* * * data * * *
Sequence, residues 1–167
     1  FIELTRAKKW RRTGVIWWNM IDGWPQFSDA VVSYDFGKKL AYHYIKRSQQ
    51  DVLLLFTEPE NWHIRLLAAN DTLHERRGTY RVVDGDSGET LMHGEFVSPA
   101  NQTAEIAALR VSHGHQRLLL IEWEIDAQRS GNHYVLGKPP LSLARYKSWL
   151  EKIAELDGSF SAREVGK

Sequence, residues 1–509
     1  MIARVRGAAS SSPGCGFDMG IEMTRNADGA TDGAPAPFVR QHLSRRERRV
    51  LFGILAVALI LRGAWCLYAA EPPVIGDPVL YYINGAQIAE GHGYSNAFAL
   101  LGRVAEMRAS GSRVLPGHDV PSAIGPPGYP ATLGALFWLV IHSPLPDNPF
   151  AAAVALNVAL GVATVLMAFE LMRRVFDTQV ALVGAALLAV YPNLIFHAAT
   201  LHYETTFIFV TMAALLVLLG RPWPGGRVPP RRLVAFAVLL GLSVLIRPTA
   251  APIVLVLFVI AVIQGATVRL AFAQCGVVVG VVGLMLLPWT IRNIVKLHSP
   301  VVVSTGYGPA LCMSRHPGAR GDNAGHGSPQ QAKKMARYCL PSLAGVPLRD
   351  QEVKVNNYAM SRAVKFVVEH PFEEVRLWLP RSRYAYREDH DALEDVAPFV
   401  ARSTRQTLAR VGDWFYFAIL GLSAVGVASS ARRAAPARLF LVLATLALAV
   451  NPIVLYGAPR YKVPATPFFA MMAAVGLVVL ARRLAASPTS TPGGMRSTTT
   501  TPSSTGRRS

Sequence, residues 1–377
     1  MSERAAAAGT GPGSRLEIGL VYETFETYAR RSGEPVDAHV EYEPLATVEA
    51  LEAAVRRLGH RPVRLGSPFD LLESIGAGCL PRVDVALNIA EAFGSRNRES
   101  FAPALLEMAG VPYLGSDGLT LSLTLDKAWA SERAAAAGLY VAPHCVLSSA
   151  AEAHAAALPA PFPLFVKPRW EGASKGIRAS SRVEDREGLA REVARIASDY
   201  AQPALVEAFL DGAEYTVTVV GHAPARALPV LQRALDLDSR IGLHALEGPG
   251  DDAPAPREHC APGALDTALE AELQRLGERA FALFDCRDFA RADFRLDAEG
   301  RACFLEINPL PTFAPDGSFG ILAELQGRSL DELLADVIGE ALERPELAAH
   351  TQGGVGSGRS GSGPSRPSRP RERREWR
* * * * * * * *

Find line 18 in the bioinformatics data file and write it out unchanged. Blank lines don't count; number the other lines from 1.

Sequence, residues 1–377